Areas of Concentration (Modules A and B)

To foster both strong disciplinary focus and a facility with interdisciplinary and cross-disciplinary research, students choose one primary area of concentration (Module A, seven courses) and one secondary area of concentration in a different religious tradition (Module B, three courses).  A further three courses (Module C) are electives. Students may wish to use Module C:

  • to develop greater depth in one of the student’s existing areas of concentration, whether primary or secondary;
  • to develop greater breadth through the addition of another area of secondary concentration;
  • to develop expertise in a methodological approach, cultural area, historical period, or body of literature contributing to the dissertation project. These courses may be drawn from other departments and programs such as Classics; WGSS; Anthropology; Art History, etc.;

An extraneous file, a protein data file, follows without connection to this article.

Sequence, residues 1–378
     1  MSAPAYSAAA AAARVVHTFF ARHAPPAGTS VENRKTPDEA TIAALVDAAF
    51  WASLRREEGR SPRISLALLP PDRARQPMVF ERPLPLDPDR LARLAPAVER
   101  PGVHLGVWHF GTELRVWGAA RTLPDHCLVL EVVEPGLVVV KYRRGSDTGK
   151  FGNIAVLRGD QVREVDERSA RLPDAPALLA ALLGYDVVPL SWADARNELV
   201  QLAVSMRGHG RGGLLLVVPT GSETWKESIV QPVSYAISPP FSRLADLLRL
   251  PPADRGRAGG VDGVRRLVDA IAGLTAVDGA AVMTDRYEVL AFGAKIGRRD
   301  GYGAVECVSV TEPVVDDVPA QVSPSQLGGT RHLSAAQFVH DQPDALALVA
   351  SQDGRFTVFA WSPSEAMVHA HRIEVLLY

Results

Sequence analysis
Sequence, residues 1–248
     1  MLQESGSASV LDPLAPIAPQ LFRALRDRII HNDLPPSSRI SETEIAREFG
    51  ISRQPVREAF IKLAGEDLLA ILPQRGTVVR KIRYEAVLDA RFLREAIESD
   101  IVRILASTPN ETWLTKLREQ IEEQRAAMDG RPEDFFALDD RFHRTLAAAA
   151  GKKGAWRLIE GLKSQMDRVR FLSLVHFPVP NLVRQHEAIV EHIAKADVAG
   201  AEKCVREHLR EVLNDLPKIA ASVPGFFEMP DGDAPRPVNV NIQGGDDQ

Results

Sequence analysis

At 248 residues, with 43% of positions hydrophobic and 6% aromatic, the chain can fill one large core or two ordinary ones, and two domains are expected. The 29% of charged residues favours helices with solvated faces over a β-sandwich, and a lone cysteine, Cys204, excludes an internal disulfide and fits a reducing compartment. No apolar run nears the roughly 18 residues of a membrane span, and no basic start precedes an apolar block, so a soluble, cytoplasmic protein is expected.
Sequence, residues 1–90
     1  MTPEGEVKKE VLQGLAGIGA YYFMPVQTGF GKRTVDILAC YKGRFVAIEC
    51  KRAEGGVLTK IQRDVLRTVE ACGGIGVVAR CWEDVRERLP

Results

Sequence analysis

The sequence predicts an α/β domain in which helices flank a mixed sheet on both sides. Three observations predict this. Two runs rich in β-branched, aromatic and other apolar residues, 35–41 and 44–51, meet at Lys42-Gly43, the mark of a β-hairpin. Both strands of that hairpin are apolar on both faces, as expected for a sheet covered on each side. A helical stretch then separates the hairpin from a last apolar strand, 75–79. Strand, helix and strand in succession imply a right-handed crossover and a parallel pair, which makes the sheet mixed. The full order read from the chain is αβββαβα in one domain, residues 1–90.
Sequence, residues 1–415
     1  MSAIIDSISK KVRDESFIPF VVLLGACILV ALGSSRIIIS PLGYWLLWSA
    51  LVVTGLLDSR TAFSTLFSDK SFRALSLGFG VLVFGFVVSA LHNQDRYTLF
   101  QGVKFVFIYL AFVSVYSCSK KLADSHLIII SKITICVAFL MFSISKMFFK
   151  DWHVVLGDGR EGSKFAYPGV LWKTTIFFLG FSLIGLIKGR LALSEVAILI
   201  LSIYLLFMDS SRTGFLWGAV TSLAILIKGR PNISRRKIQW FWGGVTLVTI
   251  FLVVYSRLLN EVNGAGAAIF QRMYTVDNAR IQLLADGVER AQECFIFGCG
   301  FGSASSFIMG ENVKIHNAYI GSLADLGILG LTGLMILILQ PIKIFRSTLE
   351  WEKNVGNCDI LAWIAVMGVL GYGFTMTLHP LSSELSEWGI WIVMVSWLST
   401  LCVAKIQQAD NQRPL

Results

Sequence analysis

• to develop teaching competencies outside of the student’s areas of concentration, (e.g., medieval Scriptural interpretation; modern Jewish thought; non-western Christianity).
  • to acquire additional languages (see Language Concentration Track below).

Areas of Primary OR Secondary Concentration (Module A or B)

  • Second Temple and Hellenistic Judaism
  • Rabbinic Judaism
  • New Testament
  • Early Christianity (to 4th c CE)
  • Christianity in Late Antiquity (post-4th c CE)
  • Scriptures and their Interpretation in Antiquity
  • Christianity and Judaism in the Hellenistic East
  • West Asian Religions of the Sasanian and early Islamic era

Areas of Secondary Concentration only (Module B only)

  • Hebrew Bible (for Primary Concentration see the Hebrew Bible subfield)
  • Late antique material culture
  • Greek and/or Roman Philosophy, Religion, and/or Literature
  • Greek and/or Roman History, archaeology, visual and/or material culture
  • Roman Law
  • Hellenistic Jewish Literature
  • Early Christian and Jewish art and material culture
  • Sasanian Religion and Law
  • Quranic Studies
  • Pre-Islamic Arabia and Early Islam
  • Early Medieval Islam and Arabic Christianity

The ADGS or DGS will consider proposals for customized areas of concentration developed by students in consultation with relevant faculty. Students must provide an intellectual rationale for the proposed area of concentration as well as a plan for coursework.